No fewer than 519 pupils and 51 teachers from 30 high schools took part in this year's nationwide Ocean Space Race ship design competition. Never before has the competition had so many participants, who compete in the categories for best model ship, vessel design, wind turbine design and open-class marine design. This year, four boys from Blindern High School went to the top of the class.
"How does it feel to win the first prize overall?"
"Right now, it feels quite fantastic; it was incredibly good to win," says Lars Bihaug-Frøyland.
"This was really something," adds Gjermund Bae.
"What did you enjoy most about the competition?"
"Seeing our boat coming first over the finishing line in the final was pretty cool."
The quartet from Oslo had worked on their ship model for four months.
"I'm sorry that it's all over, but the whole thing was great fun," says Bae.
"Maybe you will become a naval architect?"
"Yes, I might. I'll certainly have to think about it, now that we have won the competition", he adds.
Technology studies at school
The models were designed and built as part of the school class on "Technology and Research". The Marine Cooperation Forum, MARINTEK (which forms part of the SINTEF Group) and NTNU jointly organise the competition, and the aim of "Technology and Research", and of course the competition, is to increase interest in science in general and ocean space technology in particular. All the high-school pupils spent two days in Trondheim, where they were shown round NTNU, tested their vessels in MARINTEK's Ship Model Tank, (which is one of the biggest in the world) and listened to talks given by experts from the marine sector.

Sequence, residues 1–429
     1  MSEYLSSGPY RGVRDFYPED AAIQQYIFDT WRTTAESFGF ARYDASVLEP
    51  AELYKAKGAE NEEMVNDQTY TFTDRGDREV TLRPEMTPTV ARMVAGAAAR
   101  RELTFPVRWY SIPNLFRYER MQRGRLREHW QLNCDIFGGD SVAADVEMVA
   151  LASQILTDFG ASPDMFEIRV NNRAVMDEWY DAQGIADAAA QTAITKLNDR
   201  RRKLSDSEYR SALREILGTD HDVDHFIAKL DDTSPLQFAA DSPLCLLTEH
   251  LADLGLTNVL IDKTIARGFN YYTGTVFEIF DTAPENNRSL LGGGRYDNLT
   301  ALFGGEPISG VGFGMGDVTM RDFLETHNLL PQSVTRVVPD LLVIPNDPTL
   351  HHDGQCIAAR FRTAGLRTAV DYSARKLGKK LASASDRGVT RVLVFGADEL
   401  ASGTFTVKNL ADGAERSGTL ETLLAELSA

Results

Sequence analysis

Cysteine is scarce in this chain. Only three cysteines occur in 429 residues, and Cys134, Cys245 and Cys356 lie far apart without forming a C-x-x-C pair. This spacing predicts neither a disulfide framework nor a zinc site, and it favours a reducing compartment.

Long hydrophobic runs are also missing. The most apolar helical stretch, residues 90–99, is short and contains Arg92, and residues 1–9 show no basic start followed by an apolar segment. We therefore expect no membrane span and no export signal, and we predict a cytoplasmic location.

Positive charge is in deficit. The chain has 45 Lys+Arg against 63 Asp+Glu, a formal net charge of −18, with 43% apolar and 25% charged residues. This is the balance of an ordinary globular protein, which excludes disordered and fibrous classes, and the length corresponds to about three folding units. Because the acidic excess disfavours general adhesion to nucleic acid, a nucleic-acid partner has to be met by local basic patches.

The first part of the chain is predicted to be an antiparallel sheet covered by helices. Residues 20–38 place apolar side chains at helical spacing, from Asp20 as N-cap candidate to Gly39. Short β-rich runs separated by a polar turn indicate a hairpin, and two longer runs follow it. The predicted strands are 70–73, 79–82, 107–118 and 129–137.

This is applied science, taught in a way that you don't otherwise meet at high-school level. A lot of applied physics and problem-solving are involved," says Jan Alfred Sandven, science teacher at Blindern High School.
Schools from all over Norway participated in this year's Ocean Space Race. One veteran team, from Ulstein in the County of Møre og Romsdal, has taken part for nine successive years.
All of Lars and Gjermund's classmates also went on the trip to Trondheim, and since they went off with the first prize, there was no point in waiting to celebrate.
"We are going to Egon Pizzeria to sample their buffet. It will be great to celebrate with the whole class," concludes Lars Bihaug-Frøyland with the broad smile of a winner.
"We learn how to design vessels and carry out practical tests on them. Since we live in a part of the country that builds a lot of ships, it is very interesting to learn just how this is done," says Magnar Sunde, who teaches at Ulstein High School.